Sarah Miller Caldicott believes she has a new model for reinvigorating U.S. technology innovation: the same one developed by her great-granduncle, Thomas Alva Edison.
The fruits of Edison's labors are indisputable: a world-record 1,093 patents over a 62-year career that yielded the incandescent electric light, the phonograph, motion pictures and dozens of other products. "He pioneered six industries in 40 years," Miller Caldicott said in a recent interview to promote a book she co-authored with Michael Gelb, Innovate Like Edison: The Success System of America's Greatest Inventor.
|Sarah Miller Caldicott and her legendary great-granduncle, Thomas Edison|
The book's core is what the authors call the "Five Competencies of Innovation," reflecting Edison's time-tested methods: a "solution-centered mindset," "kaleidoscopic" thinking, "full-spectrum engagement," "master-mind collaboration" and "super-value creation."
The five competencies "are a reflection of the processes and the sequences that he went through to launch these inventions and innovations," Miller Caldicott said. "By following Edison's timeless innovation methods, we can begin to replicate the mindset, the processes, the culture and the organizational structure that Edison used."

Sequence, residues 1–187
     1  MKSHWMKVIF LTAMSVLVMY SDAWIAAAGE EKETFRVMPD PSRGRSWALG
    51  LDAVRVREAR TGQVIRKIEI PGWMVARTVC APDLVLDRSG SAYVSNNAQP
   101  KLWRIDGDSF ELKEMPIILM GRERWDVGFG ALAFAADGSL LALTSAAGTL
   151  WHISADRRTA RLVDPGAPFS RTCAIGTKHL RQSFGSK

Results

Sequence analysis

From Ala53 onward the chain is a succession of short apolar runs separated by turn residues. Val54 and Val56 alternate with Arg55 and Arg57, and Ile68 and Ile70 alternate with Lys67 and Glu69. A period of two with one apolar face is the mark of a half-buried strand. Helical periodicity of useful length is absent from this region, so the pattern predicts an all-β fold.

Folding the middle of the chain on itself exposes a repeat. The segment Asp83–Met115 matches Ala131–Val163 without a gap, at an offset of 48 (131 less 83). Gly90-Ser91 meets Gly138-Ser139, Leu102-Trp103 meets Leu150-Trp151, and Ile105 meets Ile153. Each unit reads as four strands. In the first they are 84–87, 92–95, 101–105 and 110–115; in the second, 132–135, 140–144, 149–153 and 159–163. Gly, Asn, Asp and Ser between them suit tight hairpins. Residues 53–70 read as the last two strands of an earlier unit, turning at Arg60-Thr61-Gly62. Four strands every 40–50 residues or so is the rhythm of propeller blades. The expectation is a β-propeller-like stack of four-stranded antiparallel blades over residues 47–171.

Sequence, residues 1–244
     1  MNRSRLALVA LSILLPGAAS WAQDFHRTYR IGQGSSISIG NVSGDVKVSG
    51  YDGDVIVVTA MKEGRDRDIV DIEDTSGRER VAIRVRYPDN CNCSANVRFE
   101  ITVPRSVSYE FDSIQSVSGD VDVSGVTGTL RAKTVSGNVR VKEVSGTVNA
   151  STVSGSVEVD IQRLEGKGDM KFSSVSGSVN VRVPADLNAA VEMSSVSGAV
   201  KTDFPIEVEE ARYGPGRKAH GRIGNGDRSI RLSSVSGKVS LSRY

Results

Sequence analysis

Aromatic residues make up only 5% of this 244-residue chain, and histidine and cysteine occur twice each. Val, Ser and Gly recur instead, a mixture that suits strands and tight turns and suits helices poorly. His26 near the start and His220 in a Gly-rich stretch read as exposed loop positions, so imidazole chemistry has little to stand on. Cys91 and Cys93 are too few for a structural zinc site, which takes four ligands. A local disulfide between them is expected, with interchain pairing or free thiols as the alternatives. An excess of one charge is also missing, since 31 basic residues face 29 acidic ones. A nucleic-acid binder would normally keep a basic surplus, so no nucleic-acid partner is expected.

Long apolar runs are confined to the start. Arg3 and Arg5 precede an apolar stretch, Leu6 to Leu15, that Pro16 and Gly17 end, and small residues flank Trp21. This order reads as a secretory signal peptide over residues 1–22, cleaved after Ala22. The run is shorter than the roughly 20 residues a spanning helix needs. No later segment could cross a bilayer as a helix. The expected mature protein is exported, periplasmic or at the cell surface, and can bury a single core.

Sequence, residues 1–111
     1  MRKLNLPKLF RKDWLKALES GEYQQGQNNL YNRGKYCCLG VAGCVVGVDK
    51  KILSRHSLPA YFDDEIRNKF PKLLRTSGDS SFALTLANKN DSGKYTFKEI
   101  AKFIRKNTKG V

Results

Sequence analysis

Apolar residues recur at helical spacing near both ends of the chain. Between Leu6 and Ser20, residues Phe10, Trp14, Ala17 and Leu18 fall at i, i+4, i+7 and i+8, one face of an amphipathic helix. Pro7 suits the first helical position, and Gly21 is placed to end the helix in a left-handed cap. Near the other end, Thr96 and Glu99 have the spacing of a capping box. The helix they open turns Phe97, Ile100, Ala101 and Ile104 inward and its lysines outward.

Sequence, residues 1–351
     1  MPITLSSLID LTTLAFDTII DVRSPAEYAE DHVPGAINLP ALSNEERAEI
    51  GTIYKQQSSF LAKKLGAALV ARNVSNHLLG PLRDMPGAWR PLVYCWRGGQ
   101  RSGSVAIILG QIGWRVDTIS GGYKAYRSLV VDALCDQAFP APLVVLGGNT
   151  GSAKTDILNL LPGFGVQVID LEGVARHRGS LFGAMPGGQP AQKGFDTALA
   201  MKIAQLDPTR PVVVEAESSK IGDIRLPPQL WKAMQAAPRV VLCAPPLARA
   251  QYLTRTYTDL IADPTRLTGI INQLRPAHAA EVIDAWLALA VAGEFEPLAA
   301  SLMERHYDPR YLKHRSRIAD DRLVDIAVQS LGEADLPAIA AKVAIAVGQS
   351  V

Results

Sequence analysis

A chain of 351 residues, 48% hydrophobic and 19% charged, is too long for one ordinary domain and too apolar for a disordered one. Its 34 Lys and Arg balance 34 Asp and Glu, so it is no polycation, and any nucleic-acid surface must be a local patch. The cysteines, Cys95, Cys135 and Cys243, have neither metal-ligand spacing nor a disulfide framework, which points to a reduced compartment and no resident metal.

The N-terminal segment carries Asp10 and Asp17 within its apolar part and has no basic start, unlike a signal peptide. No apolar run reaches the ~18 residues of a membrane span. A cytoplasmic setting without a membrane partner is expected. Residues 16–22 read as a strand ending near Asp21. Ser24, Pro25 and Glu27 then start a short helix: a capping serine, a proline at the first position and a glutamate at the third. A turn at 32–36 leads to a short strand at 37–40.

Despite the publication of more than 70 books about Edison and his inventions, the authors argue that none studied his method of tech innovation.
Miller Caldicott, a mother of two teenage sons, spent a dozen years working for Fortune 500 companies after earning an MBA from Dartmouth College. She worked on brand development and product launches for companies like Pepsico and Unilever. "As I was doing my research on Edison, I was looking at how he got products to market. That was the lens I used," she said.
Does she see evidence of Edison's methods being used today in the U.S. or the global economy? Apple, Google, Nokia and the global design consultancy IDEO are among the innovators that have adopted at least some of them, Miller Caldicott responded.
Edison considered his approach "common sense," she said. Today's innovators "have been so successful in cloning [these] practices across large companies, which is hard to do."
What about the embattled American manufacturing sector? Edison's descendant argues that small and midsized manufacturers are still viable if they remain close to their customers. "It's when manufacturing operations get large, and you don't have that closer relationship with the customer or the market, that you have issues."